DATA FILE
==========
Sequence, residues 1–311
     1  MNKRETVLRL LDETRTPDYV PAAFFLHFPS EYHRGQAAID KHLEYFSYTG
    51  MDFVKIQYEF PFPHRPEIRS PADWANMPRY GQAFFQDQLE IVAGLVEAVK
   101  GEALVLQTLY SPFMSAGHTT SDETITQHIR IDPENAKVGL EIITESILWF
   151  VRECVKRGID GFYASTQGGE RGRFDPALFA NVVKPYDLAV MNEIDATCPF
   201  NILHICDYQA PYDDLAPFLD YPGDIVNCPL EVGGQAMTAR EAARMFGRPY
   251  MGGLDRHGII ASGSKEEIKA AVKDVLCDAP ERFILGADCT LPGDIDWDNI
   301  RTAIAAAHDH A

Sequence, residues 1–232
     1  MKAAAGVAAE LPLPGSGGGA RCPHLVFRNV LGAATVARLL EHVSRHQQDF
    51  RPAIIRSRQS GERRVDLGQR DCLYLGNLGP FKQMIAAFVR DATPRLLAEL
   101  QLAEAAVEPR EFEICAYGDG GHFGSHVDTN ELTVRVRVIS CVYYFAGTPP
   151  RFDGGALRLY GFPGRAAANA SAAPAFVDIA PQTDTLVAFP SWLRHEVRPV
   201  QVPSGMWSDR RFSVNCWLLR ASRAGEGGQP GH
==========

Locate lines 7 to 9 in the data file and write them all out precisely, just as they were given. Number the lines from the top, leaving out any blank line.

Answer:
   251  MGGLDRHGII ASGSKEEIKA AVKDVLCDAP ERFILGADCT LPGDIDWDNI
   301  RTAIAAAHDH A

Sequence, residues 1–232